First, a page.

Manifest in this trade (commercial sale of indulgences via bankers) at the same time was a pernicious tendency in the Roman Catholic system, for the trade in indulgences was not an excess or an abuse but the direct consequence of the nomistic degradation of the gospel. That the Reformation started with Luther’s protest against this traffic in indulgences proves its religious origin and evangelical character. At issue here was nothing less than the essential character of the gospel, the core of Christianity, the nature of true piety. And Luther was the man who, guided by experience in the life of his own soul, again made people understand the original and true meaning of the gospel of Christ. Like the “righteousness of God,” so the term “penitence” had been for him one of the most bitter words of Holy Scripture. But when from Romans 1:17 he learned to know a “righteousness by faith,” he also learned “the true manner of penitence.” He then understood that the repentance demanded in Matthew 4:17 had nothing to do with the works of satisfaction required in the Roman institution of confession, but consisted in “a change of mind in true interior contrition” and with all its benefits was itself a fruit of grace. In the first seven of his ninety-five theses and further in his sermon on “Indulgences and Grace” (February 1518), the sermon on “Penitence” (March 1518), and the sermon on the “Sacrament of Penance” (1519), he set forth this meaning of repentance or conversion and developed the glorious thought that the most important part of penitence consists not in private confession (which cannot be found in Scripture) nor in satisfaction (for God forgives sins freely) but in true sorrow over sin, in a solemn resolve to bear the cross of Christ, in a new life, and in the word of absolution, that is, the word of the grace of God in Christ. The penitent arrives at forgiveness of sins, not by making amends (satisfaction) and priestly absolution, but by trusting the word of God, by believing in God’s grace. It is not the sacrament but faith that justifies. In that way Luther came to again put sin and grace in the center of the Christian doctrine of salvation. The forgiveness of sins, that is, justification, does not depend on repentance, which always remains incomplete, but rests in God’s promise and becomes ours by faith alone.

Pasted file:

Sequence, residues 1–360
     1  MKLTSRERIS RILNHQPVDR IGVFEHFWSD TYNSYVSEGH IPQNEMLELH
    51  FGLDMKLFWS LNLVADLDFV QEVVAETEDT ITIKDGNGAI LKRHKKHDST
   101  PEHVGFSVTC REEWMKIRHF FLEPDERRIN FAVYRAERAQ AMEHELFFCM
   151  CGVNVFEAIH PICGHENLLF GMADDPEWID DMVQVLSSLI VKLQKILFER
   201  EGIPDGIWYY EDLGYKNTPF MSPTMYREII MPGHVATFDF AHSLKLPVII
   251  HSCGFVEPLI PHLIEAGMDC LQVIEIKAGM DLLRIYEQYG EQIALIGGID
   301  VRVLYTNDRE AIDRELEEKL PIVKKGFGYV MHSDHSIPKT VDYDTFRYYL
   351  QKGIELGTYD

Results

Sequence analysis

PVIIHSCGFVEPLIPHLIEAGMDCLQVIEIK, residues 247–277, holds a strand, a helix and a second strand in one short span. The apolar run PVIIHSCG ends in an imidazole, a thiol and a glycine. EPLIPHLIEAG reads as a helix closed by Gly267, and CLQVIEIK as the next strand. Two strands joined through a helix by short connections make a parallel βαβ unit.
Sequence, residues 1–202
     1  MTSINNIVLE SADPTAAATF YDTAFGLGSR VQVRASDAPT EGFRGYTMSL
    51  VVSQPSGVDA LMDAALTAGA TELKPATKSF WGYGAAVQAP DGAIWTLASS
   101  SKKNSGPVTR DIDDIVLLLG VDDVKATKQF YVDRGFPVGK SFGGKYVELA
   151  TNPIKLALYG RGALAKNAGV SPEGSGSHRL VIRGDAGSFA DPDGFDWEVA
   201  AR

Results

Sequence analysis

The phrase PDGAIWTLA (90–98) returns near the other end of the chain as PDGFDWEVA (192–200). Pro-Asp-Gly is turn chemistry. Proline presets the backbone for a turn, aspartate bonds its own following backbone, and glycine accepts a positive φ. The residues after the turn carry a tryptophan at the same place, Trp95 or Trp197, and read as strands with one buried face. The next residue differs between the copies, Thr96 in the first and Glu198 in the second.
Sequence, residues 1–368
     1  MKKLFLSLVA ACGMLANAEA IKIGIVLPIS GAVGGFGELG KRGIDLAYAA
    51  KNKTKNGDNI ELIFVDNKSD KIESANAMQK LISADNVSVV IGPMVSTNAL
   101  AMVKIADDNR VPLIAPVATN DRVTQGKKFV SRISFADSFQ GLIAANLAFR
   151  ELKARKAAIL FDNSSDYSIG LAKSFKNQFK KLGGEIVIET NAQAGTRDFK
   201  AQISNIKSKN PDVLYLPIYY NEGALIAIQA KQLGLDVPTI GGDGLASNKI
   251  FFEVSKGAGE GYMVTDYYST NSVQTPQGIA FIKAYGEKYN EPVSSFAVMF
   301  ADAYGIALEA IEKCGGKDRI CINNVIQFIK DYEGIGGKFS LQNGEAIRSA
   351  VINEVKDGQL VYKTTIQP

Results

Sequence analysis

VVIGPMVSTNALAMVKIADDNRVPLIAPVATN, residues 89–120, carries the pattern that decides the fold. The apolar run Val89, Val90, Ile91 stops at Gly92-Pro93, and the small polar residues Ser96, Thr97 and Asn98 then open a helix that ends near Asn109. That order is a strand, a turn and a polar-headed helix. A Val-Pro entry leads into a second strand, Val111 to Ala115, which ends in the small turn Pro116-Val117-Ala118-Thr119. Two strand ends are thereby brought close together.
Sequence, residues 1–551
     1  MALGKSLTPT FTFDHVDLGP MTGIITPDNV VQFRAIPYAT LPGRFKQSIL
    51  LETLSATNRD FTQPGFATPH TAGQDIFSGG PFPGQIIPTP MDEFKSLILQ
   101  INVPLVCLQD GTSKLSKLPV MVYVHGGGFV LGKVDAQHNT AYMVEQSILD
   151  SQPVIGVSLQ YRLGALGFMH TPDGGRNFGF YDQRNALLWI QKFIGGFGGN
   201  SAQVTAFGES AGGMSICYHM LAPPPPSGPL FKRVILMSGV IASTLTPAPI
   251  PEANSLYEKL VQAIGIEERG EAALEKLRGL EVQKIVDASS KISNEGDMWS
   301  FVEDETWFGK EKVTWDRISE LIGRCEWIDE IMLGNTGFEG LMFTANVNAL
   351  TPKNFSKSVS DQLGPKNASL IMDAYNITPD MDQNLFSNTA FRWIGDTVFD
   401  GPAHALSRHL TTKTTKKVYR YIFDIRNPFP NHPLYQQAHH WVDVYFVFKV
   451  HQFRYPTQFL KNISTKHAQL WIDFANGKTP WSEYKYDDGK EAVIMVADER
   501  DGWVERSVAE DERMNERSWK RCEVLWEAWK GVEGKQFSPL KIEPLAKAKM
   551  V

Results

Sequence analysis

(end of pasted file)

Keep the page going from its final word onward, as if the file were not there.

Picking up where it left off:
By Anonym 19 Sep